Deep question: Is a Hump Day camel ... racist?

Maybe the headline about Twitter’s hot topic this morning should read Derp question. Yesterday’s update from Campus Reform on outrageous campus outrage hits close to home, both literally and figuratively. Literally, the University of St. Thomas — an outstanding Catholic school — serves the city of St. Paul and hosts the St. Paul Seminary, where I recently completed a terrific two-year course on Catholic theology. Both schools have outstanding faculty and well-earned world-class reputations. Figuratively, I’ve been tweeting “hump day” videos on Wednesdays for months, usually from the familiar Geico commercial or remixes. Here’s my favorite:

Apparently, some killjoys among the Tommies consider this … racist?

Students at the University of St. Thomas in Minnesota have cancelled an event to celebrate the end of the year after complaints that bringing a camel on campus could offend those of Middle Eastern cultures.

The “Hump Day” event, put on by the Residence Hall Association (RHA), was supposed to be “a petting zoo type of atmosphere” in which students could hang out and take photos with a live camel. According to Aaron Macke, the group’s advisor, the camel is owned by a local vendor and trained for special events.

But the event was subsequently cancelled after students took to Facebook to proclaim their concerns. The students said they were concerned about the money spent on bringing the camel to campus—around $500—and the implication that it would be racially insensitive to Middle Eastern cultures.

The Star Tribune also reported on the protest, ironically on Wednesday:

The original plan was to bring the camel to the St. Paul campus May 14 and turn the quad into “a petting zoo type of atmosphere,” Macke said. The camel, he noted, is trained for events like these and owned by a local vendor.

In fact, last December St. Thomas brought a reindeer to campus (also hired locally) for the same purpose. No protests ensued.

Macke said he’s not sure who started the Facebook page, but last week it was bristling with indignant comments. Some suggested the event was disparaging to Middle Eastern cultures, an example of animal cruelty and even environmentally unfriendly. “I think they thought the camel was coming from another part of the world,” he said, “[and] it would be bad for our carbon footprint.” Others simply objected to the cost. (Macke said the fee, about $500, was coming from a social event fund.)

This might be a perfect bookend to academic boneheadedness this week, although this one appears limited to a small number of the students rather than the school itself. We started off with Harvard claiming that a satanic black mass had nothing to do with offending Catholics, and now we have a camel from the local area being an affront to those of Middle Eastern descent just by its presence — even though the camel represents nothing more than Wednesdays. The Hump Day Camel meme started with the aforementioned Geico commercial, which also has nothing to do with the Middle East. I doubt that Geico will be pulling the commercial over this.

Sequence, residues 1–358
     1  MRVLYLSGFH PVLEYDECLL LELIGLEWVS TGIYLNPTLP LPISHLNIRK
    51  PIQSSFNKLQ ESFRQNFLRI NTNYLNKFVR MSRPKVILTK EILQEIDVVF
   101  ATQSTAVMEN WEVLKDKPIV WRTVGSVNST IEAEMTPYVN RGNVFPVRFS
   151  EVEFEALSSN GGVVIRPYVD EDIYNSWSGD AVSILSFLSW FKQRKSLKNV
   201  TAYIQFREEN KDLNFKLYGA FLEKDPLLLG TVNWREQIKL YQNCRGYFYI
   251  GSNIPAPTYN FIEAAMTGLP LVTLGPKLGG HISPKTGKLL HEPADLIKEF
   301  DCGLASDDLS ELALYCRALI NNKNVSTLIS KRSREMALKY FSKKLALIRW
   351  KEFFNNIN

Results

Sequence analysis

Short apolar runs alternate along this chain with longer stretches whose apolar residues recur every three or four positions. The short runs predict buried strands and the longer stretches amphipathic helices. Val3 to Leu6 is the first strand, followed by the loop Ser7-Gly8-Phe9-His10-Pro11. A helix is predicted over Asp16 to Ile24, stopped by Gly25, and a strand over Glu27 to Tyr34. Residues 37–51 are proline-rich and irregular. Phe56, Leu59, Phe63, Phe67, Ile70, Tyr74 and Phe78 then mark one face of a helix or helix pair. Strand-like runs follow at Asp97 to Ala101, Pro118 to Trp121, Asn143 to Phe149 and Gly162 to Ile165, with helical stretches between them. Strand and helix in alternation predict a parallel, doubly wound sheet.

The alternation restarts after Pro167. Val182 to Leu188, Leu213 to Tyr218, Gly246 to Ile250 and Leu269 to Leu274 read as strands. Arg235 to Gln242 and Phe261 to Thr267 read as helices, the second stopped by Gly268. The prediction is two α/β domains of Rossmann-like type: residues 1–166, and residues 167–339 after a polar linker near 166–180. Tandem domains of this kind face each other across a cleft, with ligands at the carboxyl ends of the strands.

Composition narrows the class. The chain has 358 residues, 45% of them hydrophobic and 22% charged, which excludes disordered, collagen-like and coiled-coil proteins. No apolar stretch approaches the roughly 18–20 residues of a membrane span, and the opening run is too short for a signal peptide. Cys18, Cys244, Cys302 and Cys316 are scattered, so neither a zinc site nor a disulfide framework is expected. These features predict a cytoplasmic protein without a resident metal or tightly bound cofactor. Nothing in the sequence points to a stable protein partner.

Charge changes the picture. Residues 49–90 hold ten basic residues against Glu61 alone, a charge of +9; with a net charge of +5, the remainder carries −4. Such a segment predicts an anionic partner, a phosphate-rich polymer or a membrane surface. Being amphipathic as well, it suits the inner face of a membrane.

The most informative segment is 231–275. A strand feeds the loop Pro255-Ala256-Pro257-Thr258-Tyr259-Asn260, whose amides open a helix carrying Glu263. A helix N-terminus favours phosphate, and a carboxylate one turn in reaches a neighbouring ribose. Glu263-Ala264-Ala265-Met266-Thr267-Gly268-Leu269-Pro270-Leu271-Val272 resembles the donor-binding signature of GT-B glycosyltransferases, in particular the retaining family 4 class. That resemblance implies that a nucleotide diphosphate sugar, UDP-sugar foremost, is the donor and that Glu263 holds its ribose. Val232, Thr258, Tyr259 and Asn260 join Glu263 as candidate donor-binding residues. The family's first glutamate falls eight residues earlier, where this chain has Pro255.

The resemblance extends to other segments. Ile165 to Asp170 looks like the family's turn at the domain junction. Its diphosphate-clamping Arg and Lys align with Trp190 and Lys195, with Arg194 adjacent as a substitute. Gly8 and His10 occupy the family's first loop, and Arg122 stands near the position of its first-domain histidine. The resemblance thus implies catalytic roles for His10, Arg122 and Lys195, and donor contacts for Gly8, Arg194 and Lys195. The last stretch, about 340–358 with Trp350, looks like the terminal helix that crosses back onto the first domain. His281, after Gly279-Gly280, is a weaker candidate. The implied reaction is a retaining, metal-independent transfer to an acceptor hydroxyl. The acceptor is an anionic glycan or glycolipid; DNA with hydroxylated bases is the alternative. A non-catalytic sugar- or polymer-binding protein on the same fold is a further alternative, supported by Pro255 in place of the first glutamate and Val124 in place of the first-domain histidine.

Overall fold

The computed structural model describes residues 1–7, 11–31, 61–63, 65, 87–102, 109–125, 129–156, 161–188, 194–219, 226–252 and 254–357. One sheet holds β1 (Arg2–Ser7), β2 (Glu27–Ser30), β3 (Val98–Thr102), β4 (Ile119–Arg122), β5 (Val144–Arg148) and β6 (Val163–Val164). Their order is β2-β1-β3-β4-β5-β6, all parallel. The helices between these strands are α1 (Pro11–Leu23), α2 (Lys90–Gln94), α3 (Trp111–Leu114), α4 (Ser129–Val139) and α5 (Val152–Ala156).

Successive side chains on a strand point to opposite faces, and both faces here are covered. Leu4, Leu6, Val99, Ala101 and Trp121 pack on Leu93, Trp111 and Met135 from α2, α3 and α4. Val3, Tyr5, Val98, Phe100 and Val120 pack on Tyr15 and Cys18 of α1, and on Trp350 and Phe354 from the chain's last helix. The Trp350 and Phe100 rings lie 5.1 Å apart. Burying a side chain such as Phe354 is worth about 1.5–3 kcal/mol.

And why didn’t the Finnish Student Union protest the reindeer?

It would be simply amusing if not for this, emphasis mine:

“RHA’s goal in programming is to bring residents together in a fun and safe environment where all people can enjoy themselves,” RHA president Lindsay Goodwin said in a statement on RHA’s Facebook page. “It appears however, this program is dividing people and would make for an uncomfortable and possibly unsafe environment for everyone attending or providing the program. As a result, RHA has decided to cancel the event.”

“A possibly unsafe environment”? That suggests some intimidation went on at St. Thomas, and if so, the school should be looking into it. The organizer later clarified that the issue was resolved amicably, which means that they may need take a couple more communications courses.

Otherwise, this entire exercise is a joke. Camel imagery is used in many different contexts, often including one that should be very familiar to Catholics, nativity scenes. I doubt that anyone of Middle Eastern descent considers that a racist display. Sometimes a camel is … just a camel.

Oh, and … go Tommies.